If you tend to take long rests between sets and your intensity is lower, the same person can expect to burn around 250 calories weight lifting for one hour.

    This, of course, will very depending on your body weight.

    The key here really is how intense the weight lifting is.

    If you are performing circuit-type weight training, with extremely short rest periods or are performing supersets, it is possible to burn a fair amount of calories during a bout of weight training.

    If you’d like to calculate how many calories you would specifically burn weight lifting, you can try this calculator from Calorie King that takes into account your age, height, weight and gender and then returns a list of activities with their estimated calories expended.

    Weight Lifting versus Cardio For Calorie Burning

    However, regardless of your intensity during weight lifting, you will still burn less calories during that same time period than if you performed moderate-intensity duration cardio.

    To illustrate this, if you ran for 60 minutes at 8.6 mph (roughly a 7 minute mile), a 180 lb male would burn approximately 1,100 calories. If that’s a little too fast for your blood, running at 5.2 mph for an hour would still burn 734 calories, approximately 300 more calories than you’d burn performing the same duration of weight training.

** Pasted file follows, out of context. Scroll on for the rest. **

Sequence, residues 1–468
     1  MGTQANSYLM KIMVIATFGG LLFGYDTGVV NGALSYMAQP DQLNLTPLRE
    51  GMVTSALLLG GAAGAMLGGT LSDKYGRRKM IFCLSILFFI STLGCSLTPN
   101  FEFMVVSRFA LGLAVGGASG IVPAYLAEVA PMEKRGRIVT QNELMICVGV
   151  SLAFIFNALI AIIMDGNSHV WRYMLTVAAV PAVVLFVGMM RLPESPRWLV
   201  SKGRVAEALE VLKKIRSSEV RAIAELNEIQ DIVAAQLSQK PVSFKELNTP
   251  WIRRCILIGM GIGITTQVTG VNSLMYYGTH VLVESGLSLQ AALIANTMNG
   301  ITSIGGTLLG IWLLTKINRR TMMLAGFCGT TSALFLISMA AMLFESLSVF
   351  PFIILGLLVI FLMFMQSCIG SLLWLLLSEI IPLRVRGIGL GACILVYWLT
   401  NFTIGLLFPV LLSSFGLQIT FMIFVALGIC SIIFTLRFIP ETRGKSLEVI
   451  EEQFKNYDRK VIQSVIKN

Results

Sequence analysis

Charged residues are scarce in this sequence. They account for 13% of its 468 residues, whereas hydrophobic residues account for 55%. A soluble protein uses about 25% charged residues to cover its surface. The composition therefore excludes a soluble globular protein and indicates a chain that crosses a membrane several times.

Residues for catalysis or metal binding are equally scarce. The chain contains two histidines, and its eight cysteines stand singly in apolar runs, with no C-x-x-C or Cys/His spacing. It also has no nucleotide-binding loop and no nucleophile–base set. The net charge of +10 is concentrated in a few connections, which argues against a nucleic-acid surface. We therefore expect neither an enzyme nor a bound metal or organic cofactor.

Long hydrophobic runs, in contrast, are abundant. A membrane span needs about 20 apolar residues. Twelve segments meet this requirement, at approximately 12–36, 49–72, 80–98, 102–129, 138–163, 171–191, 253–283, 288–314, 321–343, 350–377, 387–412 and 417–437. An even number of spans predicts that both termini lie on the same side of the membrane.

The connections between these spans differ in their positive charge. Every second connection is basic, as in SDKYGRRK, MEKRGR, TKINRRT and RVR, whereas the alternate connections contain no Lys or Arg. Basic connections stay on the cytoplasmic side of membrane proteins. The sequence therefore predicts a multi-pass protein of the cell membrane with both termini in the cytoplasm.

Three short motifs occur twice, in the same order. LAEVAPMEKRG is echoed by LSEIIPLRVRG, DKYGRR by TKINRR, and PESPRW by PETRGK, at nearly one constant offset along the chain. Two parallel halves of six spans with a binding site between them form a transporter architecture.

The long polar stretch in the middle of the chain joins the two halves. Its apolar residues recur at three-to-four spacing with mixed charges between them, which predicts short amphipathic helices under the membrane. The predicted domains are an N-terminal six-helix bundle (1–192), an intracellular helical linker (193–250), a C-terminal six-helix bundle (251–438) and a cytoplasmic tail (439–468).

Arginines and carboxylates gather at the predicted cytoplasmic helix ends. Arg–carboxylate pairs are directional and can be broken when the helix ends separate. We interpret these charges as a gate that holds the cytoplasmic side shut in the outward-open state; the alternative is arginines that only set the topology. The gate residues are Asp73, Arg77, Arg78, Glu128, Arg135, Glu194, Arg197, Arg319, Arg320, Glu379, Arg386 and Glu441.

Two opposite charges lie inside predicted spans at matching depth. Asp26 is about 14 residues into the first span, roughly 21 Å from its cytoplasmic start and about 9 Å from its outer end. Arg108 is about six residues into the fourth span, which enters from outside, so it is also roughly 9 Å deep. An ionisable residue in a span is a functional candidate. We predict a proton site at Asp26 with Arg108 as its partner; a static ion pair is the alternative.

That said, while you burn more calories during aerobic cardio exercise like running, research has suggested that Excess Post Exercise Oxygen Consumption (EPOC) is greater after weight training than after aerobic exercise.

    The estimates of how long that post-workout metabolism lift might last are controversial.

    You’ll often hear fitness and bodybuilding magazines throw around the figure “up to 24 hours” (and I’ve actually heard people claim as long as 48 hours), but recent research says increases in EPOC may actually only last for 60 minutes or less.

    A warning: It’s important not to make too much of this increased EPOC after weight lifting.

    While EPOC is increased, we’re not talking about hundreds of extra calories being burned after weight training — it’s more like an extra dozen or so, which generally isn’t enough to make up for the gap between cardio and resistance training when it comes to calories burned during these respective exercises.

    Do I Have to Do Cardio?

    The whole “Cardio versus Weight Training” issue is hotly debated, especially among bodybuilders.

    There are some bodybuilders who perform very little, if any cardio, and still maintain low body-fat to lean tissue levels. It’s hard to say if this is because of their training routine, the use of anabolic steroids or performance enhancing drugs, or their individual genetics.

    Some people simply don’t put body fat on easily, and have few problems taking it off quickly, so cardio doesn’t play as large of a role in their training. Others have to perform some form of regular aerobic exercise to maintain a good lean muscle to body fat ratio. The trick is to find what works for you.